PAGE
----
The state Ethics Commission and the role it could play in the scandals is beginning to gain attention. Sen. Codey (D-Essex), who championed the 2005 ethics reform law while serving as governor, yesterday said that New Jersey appointees serving as commissioners of bistate agencies should be subject to the Ethics Commission.
His statement came on the heels of The Record’s report that Port Authority Chairman David Samson voted to approve a new $256 million PATH light rail station in Harrison, even though a client of his would gain financially. Samson’s law firm represented a developer who proposed to convert a nearby warehouse into luxury apartments.
Berns said he did not see any problem with the appointment of Guerrero in the wake of the various ethics allegations that have engulfed the Christie administration in recent weeks, including Zimmer’s charge that Lt. Gov. Kim Guadagno threatened to hold up Sandy aid if she did not approve a high-rise development the governor wanted.
“She hadn’t been in the governor's office for a fairly lengthy time,” Berns said. Guerrero moved to the state Education Department as assistant commissioner for operations and legal affairs in October 2012 after serving two years and 10 months in the governor's office as Associate Counsel from the beginning of Christie’s first term.
“I’m not sure if all the people in the governor's office are jurisdictionally within the state Ethics Commission. The governor and lieutenant governor are not,” Berns said, then acknowledged that he believed the governor’s staff does fall under the commission’s jurisdiction. “However, this appointment has nothing to do with that (Bridgegate) because none of that has come before the commission.”
Guerrero’s appointment was approved yesterday by a vote of the seven-member commission. By statute, the commission includes three Christie administration officials – state Comptroller Marc D. Larkins, state Labor Commissioner Harold J. Wirths, and Wayne Hasenbalg, a former Christie deputy chief of staff who heads the Sports and Exposition Authority. The four public members are Republicans Berns, a partner at Einhorn Harris in Denville and former Assemblyman Kenneth LeFevre (R-Atlantic), and Democrats Michael E. Levin, a former Jackson Township mayor, and Joann LaPerla-Morales, the president of Middlesex County College.
Asked whether the vote by the commission was unanimous, Berns said, “I’m not at liberty to discuss that with you.” Asked if he considered the vote to be a personnel matter, he responded, “That’s correct.”
Guerrero, a George Washington University Law School graduate who clerked for a Superior Court judge, was hired by Dughi, Hewit and Palatucci in September 2001. Christie was then in his eighth year as a partner at the Cranford firm. Christie and Palatucci had worked hard for the election of George W. Bush, who nominated Christie as U.S. Attorney. Christie left the firm to take office on January 17, 2002. Palatucci remained a partner until 2005, and Guerrero left in September 2009 to serve as in-house counsel to the Elizabeth Board of Education before moving into the governor’s office when Christie took office in January 2010.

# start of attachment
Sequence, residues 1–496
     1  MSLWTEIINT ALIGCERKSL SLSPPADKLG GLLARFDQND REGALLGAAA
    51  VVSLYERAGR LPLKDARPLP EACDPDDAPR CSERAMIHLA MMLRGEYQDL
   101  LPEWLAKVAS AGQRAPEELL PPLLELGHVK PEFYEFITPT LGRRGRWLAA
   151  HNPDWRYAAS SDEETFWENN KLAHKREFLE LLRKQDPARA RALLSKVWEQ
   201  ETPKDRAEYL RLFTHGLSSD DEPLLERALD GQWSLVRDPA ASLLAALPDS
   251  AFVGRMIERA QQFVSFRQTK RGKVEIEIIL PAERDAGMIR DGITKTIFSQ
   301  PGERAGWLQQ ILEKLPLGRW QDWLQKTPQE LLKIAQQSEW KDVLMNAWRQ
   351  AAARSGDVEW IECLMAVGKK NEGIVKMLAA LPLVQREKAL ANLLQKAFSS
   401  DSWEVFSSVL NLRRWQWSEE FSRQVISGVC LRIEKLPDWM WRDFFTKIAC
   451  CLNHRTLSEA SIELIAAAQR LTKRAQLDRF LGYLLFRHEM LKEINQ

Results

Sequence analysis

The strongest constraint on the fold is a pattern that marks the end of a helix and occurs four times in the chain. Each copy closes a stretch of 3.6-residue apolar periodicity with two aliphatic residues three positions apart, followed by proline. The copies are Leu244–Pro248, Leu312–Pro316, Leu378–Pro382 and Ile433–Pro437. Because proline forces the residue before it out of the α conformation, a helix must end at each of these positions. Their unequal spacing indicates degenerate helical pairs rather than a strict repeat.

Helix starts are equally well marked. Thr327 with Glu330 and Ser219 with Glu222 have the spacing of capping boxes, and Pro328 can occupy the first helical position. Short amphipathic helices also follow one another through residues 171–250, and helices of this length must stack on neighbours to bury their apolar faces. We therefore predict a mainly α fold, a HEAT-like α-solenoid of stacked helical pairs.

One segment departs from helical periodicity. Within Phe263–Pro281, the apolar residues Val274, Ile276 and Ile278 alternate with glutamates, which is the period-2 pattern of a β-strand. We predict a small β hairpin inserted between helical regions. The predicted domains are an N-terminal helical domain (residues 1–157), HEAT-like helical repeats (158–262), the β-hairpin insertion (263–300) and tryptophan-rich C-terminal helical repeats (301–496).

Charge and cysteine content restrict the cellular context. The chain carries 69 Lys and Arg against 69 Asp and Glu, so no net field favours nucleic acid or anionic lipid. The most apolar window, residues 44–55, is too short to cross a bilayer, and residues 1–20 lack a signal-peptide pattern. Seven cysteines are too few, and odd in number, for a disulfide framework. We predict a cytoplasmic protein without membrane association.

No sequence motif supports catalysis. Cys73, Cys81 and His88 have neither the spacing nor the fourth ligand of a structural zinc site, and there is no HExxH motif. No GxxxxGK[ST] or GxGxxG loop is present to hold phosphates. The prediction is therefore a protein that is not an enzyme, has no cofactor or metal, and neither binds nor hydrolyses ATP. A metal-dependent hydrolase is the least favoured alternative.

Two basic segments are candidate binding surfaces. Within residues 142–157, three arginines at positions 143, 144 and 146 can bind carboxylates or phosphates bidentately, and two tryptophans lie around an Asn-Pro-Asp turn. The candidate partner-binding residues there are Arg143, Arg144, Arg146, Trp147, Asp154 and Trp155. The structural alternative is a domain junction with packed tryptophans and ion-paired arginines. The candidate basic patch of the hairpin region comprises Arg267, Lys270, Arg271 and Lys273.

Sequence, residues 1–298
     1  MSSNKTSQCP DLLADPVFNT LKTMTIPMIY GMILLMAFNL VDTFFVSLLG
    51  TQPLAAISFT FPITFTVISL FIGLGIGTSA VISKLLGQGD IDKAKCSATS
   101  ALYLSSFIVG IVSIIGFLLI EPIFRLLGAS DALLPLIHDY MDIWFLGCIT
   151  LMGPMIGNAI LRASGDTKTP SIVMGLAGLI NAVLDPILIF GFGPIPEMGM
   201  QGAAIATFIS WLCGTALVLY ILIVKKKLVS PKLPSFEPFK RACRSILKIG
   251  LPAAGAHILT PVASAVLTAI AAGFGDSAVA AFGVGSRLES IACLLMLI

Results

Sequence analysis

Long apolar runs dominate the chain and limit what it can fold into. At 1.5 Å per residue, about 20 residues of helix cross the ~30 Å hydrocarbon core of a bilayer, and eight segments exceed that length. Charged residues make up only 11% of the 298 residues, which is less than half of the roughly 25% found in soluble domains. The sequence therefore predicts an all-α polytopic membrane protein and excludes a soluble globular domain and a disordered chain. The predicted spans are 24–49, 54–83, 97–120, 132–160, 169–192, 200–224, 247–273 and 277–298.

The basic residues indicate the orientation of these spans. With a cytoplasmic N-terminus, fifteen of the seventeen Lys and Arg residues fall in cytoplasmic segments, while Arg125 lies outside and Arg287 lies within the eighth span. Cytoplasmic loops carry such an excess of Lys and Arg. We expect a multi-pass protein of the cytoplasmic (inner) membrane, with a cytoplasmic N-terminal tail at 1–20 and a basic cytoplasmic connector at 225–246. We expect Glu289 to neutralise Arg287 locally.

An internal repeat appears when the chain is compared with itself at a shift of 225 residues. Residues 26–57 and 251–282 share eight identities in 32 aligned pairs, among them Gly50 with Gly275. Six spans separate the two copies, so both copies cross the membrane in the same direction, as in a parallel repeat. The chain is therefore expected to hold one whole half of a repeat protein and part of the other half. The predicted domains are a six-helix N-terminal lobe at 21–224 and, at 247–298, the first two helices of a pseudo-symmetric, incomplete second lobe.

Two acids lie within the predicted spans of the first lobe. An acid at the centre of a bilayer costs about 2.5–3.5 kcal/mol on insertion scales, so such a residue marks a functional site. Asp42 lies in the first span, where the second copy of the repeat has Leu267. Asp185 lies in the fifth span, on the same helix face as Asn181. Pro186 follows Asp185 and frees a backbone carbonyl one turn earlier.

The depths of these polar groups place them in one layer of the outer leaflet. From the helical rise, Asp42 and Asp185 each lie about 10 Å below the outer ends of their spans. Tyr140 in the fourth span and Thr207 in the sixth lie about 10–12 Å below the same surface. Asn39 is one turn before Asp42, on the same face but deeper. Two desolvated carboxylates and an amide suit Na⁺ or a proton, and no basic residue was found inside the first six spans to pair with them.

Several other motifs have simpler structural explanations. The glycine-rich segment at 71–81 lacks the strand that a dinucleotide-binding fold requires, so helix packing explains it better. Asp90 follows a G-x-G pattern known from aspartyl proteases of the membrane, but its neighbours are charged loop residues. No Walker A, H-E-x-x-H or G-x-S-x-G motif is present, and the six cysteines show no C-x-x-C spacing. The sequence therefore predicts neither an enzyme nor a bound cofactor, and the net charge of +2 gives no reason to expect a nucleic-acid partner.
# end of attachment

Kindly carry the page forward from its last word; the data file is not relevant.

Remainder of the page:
Before Christie took office, the Ethics Commission had always had a tradition of nonpartisan executive directors, Schluter said.
“Rita Strmensky served ably for 15 years under both Democratic and Republican governors who respected her independence,” he said. “When she announced she was leaving, Paula Franzese, our chairman and one of the most respected ethics experts in the entire country, put together a professional search and we considered a lot of outside candidates before deciding that Kathy Wiechnik, who had been serving as Rita’s deputy and learning under her, was the best choice.”
Schluter was the only commission member to vote against Christie’s choice of Tober, a Bernardsville lawyer who had been serving as a special counsel in his governor's office since his inauguration 13 months earlier, to replace nonpartisan Executive Director Kathleen Wiechnik in February 2011.
“Andrew Berns called me and told me, ‘We’re going to replace her (Wiechnik) and we’re going to put in a new person from the governor's office because that’s what the governor wants.’” Schluter recalled. “I wrote to Rich Bagger, the governor’s chief of staff, and objected strenuously to the fact that a new person was being put in just because the governor wanted his own person.”
Schluter’s protest was unavailing, and Tober was appointed with only Schluter in opposition.
Christie, who had rejected Schluter’s advice in 2010 to keep Franzese on as the Ethics Commission chair, chose not to reappoint Schluter either after his protest of Wiechnik’s ouster. When Schluter’s term expired last March, “I got a call from someone named Vinnie in the governor’s appointments office who told me I was a holdover and I was not being reappointed because the governor wanted his own person,” Schluter recalled.
Schluter’s complaint about Christie’s direct involvement in the appointment of two Ethics Commission executive directors is not the only controversy that has swirled around the commission in recent weeks.
Jeff Tittel, director of the New Jersey chapter of the Sierra Club, and David Pringle, director of the New Jersey Environmental Federation, both complained publicly that the Christie administration strong-armed the Ethics Commission two weeks ago to get a Pinelands Commission member barred from voting on a project represented by Samson’s law firm.